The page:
Exceptions to the Application of Limitation Laws.

The law is settled that there are exceptions to the application of the Limitation Laws. In Obot & Ors vs. Shell Petroleum Development Company Nig. Ltd (2013) LPELR-20704 (CA) Pg. 51-52, Para. D – D, the Court held that:

There are some exceptions to the limitation law set by various limitation statutes. These statutory limitations cover cases such as fraud, deliberate concealment by the defendant, or mistake. There are also other circumstances which amount to exceptions to the limitation law. These include circumstances where there is a continuing injury or fresh damage arising from the same injury. Each fresh damage arising from the same injury or continuing injury, gives rise to a fresh cause of action. In Aremo II vs Adekanye (2004) ALL FWLR (PT 224) 2113 at 2132 – 2133 the Supreme Court per Edozie JSC said: … where there has been a continuance of the damage, a fresh cause of action arises from time to time, as often as damage is caused…  For example if the owner of mine works them and causes damage to the surface more than six years before action, and within six years of action, a fresh subsidence causing damage occurs, without any fresh working by the owner, an action in respect of the fresh damage is not barred as the fresh subsidence resulting in injury gives a fresh cause of action…See: also A. G. of Rivers State vs. A. G. of Bayelsa State (2012) LPELR-9336 (SC) per Galadima, JSC; NNPC vs. Zaria & Anor (2014) LPELR-22362 (CA) Pg. 56, Para. E – G.

Again, In Sifax Nigeria Limited & Ors v. Migfo Nigeria Limited & Anor (2015) LPELR-24655 (CA), P., the Supreme court held that; where a statute of limitation prescribes a time frame within which a claimant must file an action in respect of his grievances, time will stop running against the Claimant from the moment an action is commenced. The Court further stated that even where the action is instituted in a court that lacks jurisdiction and is struck out for that reason, the time expended in the wrong court will be discounted for purposes of computation of time under the relevant statute of limitation.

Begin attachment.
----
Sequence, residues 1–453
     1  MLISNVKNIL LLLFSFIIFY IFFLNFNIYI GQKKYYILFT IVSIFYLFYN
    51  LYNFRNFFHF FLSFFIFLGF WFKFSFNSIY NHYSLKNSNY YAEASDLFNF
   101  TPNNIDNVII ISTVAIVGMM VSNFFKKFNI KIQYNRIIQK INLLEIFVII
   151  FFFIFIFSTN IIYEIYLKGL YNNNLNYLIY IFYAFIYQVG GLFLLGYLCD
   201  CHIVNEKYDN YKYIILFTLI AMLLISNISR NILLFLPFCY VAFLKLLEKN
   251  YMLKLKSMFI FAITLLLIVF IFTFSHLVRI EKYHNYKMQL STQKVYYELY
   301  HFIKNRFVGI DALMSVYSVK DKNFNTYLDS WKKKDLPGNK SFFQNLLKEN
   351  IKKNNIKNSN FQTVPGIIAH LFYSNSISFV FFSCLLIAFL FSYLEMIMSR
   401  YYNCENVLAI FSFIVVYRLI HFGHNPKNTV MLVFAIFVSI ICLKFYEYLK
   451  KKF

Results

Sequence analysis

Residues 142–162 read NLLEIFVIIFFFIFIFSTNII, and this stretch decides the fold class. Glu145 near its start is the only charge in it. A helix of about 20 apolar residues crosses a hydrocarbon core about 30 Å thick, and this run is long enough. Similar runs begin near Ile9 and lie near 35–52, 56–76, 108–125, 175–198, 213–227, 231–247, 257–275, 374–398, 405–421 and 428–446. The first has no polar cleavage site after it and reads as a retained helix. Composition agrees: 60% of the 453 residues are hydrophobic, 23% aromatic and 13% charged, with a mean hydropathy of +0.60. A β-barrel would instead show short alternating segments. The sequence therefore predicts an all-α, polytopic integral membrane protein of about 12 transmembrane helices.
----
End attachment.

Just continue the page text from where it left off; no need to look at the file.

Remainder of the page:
Ogbom Goodluck O, Esq. LLB (Hons), LLM., is a Port Harcourt based legal Practitioner. ogbomgoodluck@gmail.com

Practical Considerations to Negotiate an Enforceable Joint Operating Agreement in Civil Law Jurisdictions (Netherlands: Kluwer Law International, 2020) By Professor Damilola S. Olawuyi, LL. B (1st Class), BL (1st Class), LL.M (Calgary), LL.M (Harvard), DPhil (Oxford), Professor of Law and Deputy Vice-Chancellor, Afe Babalola University, Ado Ekiti, Nigeria, www.damilolaolawuyi.com. & Professor Eduardo G. Pereira, LL. B (Brazil), LL.M (Aberdeen), PhD (Aberdeen),www.eduardogpereira.com   

Book information For more information or to order your copies, please contact Mr. Keji Kolawole: info@ogeesinstitute.edu.ng , Tel: +234 81 40000 988

Send your press release/articles to thenigerialawyers@gmail.com, editor@thenigerialawyer.com, Follow us on Twitter at @Nigerialawyers and Facebook @ facebook.com/thenigerialawyer

For Advert Inquiries Tele/+234 806 819 1709 E-mail: thenigerialawyers@gmail.com

Subscribe ToTheNigeriaLawyer News!